In addition, if an attacker can somehow determine an average number of connections per host, the attacker can still estimate the number of hosts based on the number of connections observed. Hence, such an approach can adversely affect legitimate communication at all times, simply to raise the bar for an attacker. The way that different hosts respond to different requests and sequences of events will indicate consistently the type of a host that it is, its OS, version number, and sometimes applications installed, etc.

Products exist that do this for network administrators as a service, as part of a vulnerability assessment. These scanning tools initiate connections of various types across a range of possible IP addresses reachable through that network. Architecture for secure ipv4 ipv6 address translation observe what returns, and then send follow-up messages accordingly until they "fingerprint" the host thoroughly. When run as part of a network assessment process, these tools are normally run from the inside of the network, behind the NAT.

If such a tool is set outside a network boundary as part of an external vulnerability assessment or penetration test along the path of packets, and is passively observing and recording connection exchanges, over time it can fingerprint hosts only if it has a means of determining which externally viewed connections are originating from the same internal host. With the internal hosts mapped to their external IP addresses and fingerprinted, the attacker can launch targeted attacks into those hosts, or reliably attempt to hijack those hosts' connections.

If the NAT uses a single external IP, or a pool of dynamically assigned IP addresses for each host, but does so in a deterministic and predictable way, then the operation of fingerprinting is more complex, but quite achievable. If the NAT uses dynamically assigned addresses, with short-term persistency, but no externally learnable determinism, then the problem gets harder for the attacker.

The observer may be able to fingerprint a host during the lifetime of a particular IP address mapping, and across connections, but once that IP mapping is terminated, the observer doesn't immediately know which new mapping will be that same host.

After much observation and correlation, the attacker could sometimes determine if an observed new connection in flight is from a familiar host. With that information, and a good set of man-in-the-middle attack tools, the attacker could attempt to compromise the host by hijacking a new connection of adequately long duration. If temporal persistency is not deployed on the NAT, then this tactic becomes almost impossible.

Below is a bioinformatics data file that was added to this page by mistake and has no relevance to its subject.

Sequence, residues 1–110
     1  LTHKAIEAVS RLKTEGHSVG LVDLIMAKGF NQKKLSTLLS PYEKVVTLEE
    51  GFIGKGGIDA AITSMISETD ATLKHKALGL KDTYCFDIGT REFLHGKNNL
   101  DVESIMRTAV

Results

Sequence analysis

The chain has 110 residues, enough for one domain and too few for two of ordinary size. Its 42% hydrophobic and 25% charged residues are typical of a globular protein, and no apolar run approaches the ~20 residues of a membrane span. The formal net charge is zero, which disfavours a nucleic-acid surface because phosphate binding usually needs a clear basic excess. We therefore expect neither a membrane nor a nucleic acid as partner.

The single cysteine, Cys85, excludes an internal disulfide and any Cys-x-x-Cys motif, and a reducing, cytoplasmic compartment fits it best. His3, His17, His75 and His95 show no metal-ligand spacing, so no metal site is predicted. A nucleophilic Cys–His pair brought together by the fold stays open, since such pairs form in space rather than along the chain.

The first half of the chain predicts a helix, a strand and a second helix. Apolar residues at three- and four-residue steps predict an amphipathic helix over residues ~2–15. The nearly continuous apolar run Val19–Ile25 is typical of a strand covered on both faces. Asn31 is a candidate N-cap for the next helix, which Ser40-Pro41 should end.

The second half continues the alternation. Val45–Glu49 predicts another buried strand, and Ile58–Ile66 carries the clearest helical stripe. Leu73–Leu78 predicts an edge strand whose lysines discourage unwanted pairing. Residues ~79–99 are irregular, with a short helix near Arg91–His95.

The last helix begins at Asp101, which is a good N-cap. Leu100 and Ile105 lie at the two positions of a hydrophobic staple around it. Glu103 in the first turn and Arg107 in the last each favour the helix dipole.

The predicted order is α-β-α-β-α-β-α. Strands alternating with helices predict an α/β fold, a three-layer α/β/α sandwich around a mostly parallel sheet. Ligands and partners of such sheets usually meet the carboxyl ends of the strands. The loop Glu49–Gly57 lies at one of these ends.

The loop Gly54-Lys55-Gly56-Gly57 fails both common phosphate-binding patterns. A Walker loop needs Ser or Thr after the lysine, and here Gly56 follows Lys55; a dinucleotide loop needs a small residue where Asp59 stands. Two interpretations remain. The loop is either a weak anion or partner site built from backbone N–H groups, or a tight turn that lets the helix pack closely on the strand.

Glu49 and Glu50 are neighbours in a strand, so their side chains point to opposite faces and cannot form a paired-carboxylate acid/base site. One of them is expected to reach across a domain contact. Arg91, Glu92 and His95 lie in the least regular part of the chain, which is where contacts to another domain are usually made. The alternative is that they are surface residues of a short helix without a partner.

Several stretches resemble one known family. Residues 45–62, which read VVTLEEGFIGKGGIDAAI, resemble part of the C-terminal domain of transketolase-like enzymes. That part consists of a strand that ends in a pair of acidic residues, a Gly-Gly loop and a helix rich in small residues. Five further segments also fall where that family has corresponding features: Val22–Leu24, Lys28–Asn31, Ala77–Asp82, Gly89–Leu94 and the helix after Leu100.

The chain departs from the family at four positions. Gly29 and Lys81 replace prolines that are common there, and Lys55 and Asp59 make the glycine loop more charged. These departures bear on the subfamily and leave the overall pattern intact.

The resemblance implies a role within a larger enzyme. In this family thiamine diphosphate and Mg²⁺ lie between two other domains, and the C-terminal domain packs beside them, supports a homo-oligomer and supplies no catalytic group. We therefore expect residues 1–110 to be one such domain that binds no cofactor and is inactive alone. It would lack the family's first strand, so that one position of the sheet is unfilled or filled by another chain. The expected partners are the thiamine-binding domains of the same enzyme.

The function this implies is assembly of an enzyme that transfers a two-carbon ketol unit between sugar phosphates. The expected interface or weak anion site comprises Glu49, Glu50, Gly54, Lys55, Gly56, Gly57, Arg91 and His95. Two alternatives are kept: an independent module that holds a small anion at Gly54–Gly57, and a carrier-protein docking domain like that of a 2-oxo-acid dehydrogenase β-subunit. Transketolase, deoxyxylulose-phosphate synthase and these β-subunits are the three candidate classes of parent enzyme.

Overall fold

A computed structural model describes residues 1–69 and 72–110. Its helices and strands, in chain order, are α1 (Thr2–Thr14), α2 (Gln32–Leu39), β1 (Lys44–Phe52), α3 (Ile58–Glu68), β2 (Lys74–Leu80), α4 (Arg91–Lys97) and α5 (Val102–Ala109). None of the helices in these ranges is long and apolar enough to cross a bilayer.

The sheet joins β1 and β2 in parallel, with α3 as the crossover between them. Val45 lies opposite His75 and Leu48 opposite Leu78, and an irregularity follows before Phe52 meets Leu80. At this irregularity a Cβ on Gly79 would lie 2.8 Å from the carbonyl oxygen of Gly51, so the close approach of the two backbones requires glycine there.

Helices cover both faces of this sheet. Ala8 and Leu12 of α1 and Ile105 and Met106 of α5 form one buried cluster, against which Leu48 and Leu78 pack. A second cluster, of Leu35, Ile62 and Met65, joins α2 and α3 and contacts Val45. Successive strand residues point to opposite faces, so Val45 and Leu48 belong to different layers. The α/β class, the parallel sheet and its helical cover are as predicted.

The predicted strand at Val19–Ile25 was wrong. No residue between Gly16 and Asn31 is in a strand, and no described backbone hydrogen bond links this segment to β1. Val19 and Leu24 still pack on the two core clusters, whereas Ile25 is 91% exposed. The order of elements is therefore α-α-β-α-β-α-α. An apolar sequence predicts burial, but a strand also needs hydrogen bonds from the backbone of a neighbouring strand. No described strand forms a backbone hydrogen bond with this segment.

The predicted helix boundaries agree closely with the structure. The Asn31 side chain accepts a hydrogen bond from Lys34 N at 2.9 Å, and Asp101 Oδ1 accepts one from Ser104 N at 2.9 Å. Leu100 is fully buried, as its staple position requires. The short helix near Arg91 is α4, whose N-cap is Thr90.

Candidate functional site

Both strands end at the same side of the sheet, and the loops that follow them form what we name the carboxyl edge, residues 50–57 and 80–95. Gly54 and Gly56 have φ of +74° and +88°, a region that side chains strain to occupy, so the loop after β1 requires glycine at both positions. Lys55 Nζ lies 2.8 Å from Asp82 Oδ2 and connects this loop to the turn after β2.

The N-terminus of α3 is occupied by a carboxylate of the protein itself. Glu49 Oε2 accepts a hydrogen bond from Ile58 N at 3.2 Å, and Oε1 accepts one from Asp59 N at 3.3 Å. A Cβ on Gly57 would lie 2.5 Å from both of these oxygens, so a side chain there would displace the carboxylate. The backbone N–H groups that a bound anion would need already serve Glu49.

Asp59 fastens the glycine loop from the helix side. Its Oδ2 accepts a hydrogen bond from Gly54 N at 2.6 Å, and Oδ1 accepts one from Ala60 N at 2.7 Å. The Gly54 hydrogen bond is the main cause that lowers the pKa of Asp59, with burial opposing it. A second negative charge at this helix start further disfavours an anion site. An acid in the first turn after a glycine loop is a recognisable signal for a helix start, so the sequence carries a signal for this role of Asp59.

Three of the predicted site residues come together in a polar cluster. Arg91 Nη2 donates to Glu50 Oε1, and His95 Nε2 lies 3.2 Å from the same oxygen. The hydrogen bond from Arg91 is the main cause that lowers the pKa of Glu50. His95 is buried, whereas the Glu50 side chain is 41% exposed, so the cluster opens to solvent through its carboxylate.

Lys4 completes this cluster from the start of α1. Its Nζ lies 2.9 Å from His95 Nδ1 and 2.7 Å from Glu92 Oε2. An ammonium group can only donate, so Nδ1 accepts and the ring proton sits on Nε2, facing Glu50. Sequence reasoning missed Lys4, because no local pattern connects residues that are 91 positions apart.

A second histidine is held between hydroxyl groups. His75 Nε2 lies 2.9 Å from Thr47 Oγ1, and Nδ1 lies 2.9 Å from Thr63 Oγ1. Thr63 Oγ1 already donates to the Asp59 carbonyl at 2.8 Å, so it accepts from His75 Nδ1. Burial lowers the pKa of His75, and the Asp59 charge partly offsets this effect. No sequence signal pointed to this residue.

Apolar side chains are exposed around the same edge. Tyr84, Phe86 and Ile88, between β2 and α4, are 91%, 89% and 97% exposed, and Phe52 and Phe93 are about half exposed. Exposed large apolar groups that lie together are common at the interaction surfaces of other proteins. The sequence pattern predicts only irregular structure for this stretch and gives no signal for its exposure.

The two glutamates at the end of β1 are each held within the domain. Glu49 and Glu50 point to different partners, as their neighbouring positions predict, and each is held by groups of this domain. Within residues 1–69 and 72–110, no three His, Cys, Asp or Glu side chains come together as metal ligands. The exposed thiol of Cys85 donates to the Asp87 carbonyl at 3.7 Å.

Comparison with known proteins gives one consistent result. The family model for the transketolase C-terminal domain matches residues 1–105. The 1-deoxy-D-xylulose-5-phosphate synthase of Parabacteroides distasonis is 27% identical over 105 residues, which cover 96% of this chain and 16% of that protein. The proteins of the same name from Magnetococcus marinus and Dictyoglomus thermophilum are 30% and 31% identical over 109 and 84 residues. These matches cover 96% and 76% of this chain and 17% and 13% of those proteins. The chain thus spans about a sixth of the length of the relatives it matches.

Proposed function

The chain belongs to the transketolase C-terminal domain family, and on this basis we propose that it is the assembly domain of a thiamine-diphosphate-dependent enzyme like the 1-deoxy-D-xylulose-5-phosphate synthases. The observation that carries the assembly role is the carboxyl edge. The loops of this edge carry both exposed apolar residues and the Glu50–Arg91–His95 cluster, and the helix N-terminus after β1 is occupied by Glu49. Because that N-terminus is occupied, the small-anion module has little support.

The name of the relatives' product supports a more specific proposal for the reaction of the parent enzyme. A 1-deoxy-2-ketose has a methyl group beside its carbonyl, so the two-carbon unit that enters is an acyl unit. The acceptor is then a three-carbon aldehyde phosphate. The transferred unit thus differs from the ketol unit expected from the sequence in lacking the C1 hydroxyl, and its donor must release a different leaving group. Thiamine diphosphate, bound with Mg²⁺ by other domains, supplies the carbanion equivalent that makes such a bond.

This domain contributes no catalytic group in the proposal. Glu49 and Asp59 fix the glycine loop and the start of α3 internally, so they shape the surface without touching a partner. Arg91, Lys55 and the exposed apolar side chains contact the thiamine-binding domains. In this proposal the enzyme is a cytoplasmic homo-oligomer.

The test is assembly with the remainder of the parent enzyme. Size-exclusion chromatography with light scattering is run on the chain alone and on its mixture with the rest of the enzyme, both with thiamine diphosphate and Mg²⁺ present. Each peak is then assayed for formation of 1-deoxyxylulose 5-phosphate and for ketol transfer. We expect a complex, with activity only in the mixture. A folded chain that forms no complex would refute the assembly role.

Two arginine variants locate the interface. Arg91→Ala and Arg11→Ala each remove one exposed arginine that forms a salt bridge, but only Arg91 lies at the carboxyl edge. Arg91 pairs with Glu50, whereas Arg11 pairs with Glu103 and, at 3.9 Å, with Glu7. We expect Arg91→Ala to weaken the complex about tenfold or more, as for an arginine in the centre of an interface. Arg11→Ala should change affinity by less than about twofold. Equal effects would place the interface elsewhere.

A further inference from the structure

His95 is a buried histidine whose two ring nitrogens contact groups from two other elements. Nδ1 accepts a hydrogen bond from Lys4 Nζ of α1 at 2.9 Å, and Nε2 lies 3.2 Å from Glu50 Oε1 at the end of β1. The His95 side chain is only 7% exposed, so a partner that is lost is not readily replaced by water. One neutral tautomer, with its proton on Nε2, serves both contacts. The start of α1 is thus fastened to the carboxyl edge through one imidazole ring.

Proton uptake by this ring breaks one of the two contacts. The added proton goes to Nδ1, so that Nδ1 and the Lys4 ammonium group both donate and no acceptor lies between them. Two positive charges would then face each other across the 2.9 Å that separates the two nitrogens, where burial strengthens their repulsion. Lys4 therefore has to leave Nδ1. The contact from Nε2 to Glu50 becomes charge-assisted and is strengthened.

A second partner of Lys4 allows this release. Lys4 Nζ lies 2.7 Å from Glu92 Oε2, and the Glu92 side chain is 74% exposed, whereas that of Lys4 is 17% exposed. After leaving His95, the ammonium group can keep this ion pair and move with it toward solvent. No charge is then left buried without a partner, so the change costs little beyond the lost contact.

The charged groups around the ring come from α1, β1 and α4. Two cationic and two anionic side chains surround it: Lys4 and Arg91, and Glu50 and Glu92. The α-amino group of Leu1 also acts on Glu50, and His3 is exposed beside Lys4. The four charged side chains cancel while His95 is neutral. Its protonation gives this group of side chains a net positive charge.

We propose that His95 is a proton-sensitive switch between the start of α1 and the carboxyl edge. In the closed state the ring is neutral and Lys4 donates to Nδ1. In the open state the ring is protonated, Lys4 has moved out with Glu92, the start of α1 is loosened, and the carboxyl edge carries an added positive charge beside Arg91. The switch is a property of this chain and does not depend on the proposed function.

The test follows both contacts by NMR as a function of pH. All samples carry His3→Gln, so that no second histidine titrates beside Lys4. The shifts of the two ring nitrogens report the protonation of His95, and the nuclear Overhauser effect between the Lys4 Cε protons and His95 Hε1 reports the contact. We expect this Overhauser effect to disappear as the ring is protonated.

As the difficulty and cost of the attack increases, the number of attackers attempting to employ it decreases. And certainly the attacker would not be able to initiate a connection toward a host for which the attacker does not know the current IP address binding. So, the attacker is limited to hijacking observed connections thought to be from a familiar host, or to blindly initiating attacks on connections in flight.

This is why Thaler, et al. Topology Hiding It is perceived that a network operator may want to hide the details of the network topology, the size of the network, the identities of the internal routers, and the interconnection among the routers.

This desire has been discussed in [ RFC4864 ], Sections 4. However, the success of topology hiding is dependent upon the complexity, dynamism, and pervasiveness of bindings the NAT employs all of which were described above. The more complex, the more the topology will be hidden, but the less likely that complex connection types will successfully traverse the NAT barrier.

Secure network connections with IPsec

Thus, the trade- off is reachability across applications. Even if one can hide the actual addresses of internal hosts through address translation, this does not necessarily prove sufficient to hide internal topology. It may be possible to infer some aspects of topological information from passively observing packets.

For example, based on packet timing, delay measurements, the Hop Limit field, or other fields in the packet header, one could infer the relative distance between multiple hosts.

Once an observed session is believed to match a previously fingerprinted host, that host's distance from the NAT device may be learned, but not its exact location or particular internal subnet. Host fingerprinting is required in order to do a thorough distance mapping. An attacker might then use message contents to lump certain types of devices into logical clusters, and take educated guesses at attacks.

This is not, however, a thorough mapping. The simpler and more static the NAT, the more possible this is. The more complex and dynamic and non-persistent the NAT bindings, the more difficult.